Though bear with me for a second: the wiring inside the cable is what gets worn out and damaged over time. The more you pull on your cable, bend it and walk on it, the more worn out the wire gets. The best way to keep this from happening is to try and not put extreme pressure on the cable.

The most vulnerable parts of the cables are at the joints, where the tips and the cables are joined together. These break very often because of the musicians accidentally yanking on them. Be careful to pay attention to the joints so that you don’t yank on them and put a whole lot of pressure on them. This will allow the cable to live a long, useful and annoyance free life.

Tip 3 – Maintenance

Maintenance is probably the most important and the most often forgotten part of keeping your cables in tact. The problem with maintenance is that it can be boring, annoying and often time so easy to dismiss. I mean what could happen if you don’t do all of the little things today? You still do them every other day, so the wire should be fine. What could happen is that you could fall into the habit of disregarding maintenance day after day, until one day, it’s been disregarded enough that your cable is useless. So listen up and let me help you keep your cable working for a long time.

First of all, you need to treat your wire correctly. After you are done playing, rehearsing or performing, pick up the cable and wrap it. Doing it right will prevent the cable from wearing, twisting up and breaking it. Pick up the cable and start wrapping. It’ll feel weird the first time, but you will get used to it, and it will help you wind down after a performance. A sort of a meditation for musicians.

The second maintenance tip is to keep your cables clean. I do not necessarily mean the cable itself. The tips of the cable can accumulate gunk over time, which gets in the way of the signal being carried over from the guitar to the amp. Avoid this by regularly doing a quick wipe down of the tips. This will allow you to keep the sound clean of noise, the output high, and most importantly, the cable from having some strange issues that you have no idea how to solve. While you are cleaning the tips, don’t forget to do a quick cleaning of the cable hole on the guitar as well. Gunk and dust tends to gather up there, and keeping it clean will help you keep a clear, powerful sound.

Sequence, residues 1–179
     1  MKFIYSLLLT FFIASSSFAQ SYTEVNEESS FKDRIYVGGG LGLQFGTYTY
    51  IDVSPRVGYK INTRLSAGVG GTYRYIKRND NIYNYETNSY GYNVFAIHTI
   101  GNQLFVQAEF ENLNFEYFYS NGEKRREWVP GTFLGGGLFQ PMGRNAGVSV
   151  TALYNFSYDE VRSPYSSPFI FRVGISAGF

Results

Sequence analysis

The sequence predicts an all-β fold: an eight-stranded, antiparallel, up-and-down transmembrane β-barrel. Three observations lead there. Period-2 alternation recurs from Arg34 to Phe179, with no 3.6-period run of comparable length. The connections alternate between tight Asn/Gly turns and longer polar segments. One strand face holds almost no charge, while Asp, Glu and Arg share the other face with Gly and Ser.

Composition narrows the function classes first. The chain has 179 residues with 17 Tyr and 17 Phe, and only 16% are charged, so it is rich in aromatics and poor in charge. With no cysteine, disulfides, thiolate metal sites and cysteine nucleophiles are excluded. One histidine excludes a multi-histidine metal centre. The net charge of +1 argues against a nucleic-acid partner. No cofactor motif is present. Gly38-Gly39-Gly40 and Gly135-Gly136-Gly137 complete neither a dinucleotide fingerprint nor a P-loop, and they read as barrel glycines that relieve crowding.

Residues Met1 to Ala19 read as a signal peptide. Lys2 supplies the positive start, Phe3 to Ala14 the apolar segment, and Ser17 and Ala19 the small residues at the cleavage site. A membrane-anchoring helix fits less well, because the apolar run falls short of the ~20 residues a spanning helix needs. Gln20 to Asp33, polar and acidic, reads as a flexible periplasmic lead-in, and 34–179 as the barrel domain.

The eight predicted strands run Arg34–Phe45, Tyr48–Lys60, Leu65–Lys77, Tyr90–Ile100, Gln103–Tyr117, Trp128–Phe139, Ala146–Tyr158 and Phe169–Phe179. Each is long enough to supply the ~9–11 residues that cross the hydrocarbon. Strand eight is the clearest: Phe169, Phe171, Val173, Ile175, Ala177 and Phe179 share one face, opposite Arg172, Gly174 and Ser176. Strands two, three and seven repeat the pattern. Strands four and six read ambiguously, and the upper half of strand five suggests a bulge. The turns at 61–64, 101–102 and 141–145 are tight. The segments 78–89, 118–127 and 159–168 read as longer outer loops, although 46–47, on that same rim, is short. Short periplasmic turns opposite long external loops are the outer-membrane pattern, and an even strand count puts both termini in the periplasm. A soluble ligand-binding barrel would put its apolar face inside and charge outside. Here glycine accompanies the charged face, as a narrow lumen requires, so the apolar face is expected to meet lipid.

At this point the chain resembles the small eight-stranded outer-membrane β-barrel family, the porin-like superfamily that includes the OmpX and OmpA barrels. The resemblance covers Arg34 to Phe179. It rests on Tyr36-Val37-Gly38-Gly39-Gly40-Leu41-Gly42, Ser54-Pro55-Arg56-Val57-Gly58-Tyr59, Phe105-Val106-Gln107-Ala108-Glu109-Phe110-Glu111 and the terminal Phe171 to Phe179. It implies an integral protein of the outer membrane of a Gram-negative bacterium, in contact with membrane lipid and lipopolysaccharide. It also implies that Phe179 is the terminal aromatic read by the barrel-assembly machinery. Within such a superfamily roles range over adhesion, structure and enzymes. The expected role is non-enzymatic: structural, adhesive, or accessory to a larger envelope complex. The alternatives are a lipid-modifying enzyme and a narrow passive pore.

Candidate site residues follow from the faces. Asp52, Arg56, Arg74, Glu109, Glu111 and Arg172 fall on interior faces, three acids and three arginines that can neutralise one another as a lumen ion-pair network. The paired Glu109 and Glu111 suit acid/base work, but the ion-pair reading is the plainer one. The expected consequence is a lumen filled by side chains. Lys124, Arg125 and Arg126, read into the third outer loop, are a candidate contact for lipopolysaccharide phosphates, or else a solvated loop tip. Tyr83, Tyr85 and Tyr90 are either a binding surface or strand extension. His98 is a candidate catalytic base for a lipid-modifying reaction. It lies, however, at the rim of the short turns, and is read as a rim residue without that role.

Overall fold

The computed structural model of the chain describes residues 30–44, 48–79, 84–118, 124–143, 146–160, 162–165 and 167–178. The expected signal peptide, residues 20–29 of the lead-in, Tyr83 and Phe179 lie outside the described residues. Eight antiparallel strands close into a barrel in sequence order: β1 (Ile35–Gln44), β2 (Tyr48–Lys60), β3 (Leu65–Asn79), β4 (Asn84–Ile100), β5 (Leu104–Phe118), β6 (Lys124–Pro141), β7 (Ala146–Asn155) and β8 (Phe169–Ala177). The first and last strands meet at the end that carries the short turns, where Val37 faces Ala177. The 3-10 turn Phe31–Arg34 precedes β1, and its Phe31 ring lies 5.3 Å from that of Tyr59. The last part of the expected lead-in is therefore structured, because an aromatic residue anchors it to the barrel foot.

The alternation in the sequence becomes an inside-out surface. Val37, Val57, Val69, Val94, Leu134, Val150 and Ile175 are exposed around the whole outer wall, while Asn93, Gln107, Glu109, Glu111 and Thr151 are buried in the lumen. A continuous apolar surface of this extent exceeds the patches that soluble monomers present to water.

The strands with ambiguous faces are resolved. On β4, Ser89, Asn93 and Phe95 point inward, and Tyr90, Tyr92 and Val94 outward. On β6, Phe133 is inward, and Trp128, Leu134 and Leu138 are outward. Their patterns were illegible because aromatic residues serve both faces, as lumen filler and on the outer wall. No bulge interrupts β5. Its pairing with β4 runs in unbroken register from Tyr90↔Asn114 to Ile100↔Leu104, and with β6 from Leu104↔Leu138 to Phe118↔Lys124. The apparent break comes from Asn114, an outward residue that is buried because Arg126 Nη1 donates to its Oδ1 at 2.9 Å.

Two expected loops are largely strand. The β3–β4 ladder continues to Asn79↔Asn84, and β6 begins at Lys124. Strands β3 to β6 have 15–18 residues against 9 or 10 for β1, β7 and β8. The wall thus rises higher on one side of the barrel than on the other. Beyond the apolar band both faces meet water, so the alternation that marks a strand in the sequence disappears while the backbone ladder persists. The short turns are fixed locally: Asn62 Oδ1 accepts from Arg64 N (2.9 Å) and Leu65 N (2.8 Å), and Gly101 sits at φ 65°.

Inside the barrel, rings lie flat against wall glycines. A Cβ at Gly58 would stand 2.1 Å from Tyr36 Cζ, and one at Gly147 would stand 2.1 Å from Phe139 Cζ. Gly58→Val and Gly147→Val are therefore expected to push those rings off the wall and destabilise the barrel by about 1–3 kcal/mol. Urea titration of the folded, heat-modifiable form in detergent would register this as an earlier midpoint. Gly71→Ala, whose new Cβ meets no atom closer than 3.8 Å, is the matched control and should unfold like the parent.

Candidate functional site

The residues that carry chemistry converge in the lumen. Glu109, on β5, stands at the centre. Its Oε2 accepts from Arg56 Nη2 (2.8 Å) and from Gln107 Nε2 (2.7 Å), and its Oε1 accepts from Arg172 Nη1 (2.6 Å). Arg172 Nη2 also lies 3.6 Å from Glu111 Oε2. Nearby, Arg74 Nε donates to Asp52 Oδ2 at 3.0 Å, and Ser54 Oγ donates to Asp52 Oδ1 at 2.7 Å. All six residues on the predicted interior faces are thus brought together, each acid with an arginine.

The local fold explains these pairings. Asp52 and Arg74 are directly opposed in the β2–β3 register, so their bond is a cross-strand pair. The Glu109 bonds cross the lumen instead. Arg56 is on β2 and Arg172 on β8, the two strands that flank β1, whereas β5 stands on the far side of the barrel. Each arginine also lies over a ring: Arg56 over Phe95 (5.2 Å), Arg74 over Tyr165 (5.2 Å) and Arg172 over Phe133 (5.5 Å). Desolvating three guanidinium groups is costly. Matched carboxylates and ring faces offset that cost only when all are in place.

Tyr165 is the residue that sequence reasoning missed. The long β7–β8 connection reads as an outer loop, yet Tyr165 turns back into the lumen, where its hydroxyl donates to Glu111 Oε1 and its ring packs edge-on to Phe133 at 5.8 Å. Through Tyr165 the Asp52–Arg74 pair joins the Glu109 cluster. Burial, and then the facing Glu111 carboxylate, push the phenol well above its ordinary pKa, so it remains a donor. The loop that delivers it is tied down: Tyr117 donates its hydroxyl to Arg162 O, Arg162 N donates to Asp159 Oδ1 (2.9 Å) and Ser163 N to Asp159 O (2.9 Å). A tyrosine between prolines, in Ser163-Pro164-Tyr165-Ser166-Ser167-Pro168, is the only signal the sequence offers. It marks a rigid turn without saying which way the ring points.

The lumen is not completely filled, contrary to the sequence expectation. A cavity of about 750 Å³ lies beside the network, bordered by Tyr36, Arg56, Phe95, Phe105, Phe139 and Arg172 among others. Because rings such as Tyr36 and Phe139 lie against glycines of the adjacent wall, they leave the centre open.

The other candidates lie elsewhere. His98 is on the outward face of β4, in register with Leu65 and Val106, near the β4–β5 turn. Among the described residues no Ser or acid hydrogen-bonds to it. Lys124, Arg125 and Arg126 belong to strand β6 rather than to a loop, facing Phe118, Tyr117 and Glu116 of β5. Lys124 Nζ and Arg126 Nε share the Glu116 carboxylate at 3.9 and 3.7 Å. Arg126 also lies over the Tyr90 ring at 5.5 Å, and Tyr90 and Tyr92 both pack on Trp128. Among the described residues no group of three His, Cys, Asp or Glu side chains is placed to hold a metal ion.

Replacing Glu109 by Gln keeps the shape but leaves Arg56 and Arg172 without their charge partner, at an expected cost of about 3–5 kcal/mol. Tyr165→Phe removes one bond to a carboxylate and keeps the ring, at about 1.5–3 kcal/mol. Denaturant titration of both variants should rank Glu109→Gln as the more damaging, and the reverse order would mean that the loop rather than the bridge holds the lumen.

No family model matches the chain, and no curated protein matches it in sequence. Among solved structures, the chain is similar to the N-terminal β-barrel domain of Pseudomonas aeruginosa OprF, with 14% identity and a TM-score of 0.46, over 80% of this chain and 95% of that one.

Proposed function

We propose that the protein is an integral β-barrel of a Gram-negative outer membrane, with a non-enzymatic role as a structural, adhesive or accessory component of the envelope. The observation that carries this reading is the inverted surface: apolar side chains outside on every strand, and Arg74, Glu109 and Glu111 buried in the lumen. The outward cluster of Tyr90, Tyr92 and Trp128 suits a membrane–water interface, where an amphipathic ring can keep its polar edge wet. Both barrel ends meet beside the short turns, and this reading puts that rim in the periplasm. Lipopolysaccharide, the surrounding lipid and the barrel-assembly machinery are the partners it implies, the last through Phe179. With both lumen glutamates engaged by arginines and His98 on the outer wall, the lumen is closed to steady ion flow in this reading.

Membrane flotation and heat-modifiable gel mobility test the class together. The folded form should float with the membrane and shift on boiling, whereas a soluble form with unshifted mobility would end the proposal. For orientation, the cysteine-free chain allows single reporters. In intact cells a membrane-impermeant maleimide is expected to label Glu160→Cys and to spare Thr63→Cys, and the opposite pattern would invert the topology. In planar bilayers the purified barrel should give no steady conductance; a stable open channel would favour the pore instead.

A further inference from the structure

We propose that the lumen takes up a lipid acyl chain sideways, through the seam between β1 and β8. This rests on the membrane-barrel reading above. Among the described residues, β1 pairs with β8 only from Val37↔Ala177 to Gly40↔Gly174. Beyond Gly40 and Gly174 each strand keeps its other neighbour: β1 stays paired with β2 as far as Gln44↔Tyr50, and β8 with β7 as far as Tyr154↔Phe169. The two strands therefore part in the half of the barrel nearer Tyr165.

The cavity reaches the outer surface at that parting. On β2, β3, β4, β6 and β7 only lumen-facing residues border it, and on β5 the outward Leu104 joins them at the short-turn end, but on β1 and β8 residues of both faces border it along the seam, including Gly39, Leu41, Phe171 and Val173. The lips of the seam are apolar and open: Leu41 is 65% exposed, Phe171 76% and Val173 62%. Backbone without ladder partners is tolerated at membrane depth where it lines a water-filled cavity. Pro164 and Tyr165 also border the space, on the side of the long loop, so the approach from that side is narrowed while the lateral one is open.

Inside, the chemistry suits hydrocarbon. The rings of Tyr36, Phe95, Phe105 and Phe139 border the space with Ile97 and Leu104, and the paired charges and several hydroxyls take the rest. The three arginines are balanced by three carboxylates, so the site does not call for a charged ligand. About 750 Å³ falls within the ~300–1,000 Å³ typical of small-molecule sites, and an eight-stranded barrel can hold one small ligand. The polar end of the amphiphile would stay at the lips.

Tip 4 – Keep a Backup

This is probably not the advice you came here for, and yet it is the advice that I will always keep giving in every guitar cable related post. Always keep a back up cable on you, whether you are practicing or performing. You will thank yourself once your cable unexpectedly, or unexpectedly, goes dead. It is an important plan B that you need to incorporate into your daily life. You don’t go on a road trip without your emergency tire in the car, do you? Well you should do the same thing with a cable. The cable does not have to be expensive, a cheap one to carry you to safety for the night would work. You can buy an expensive, better one the next day before your next performance.

Also, check that the backup cable is working without issue every once in a while. This will prevent any (improbable but unfortunate) accidents where neither of your cables work from happening.

These four tips should keep you safe for now.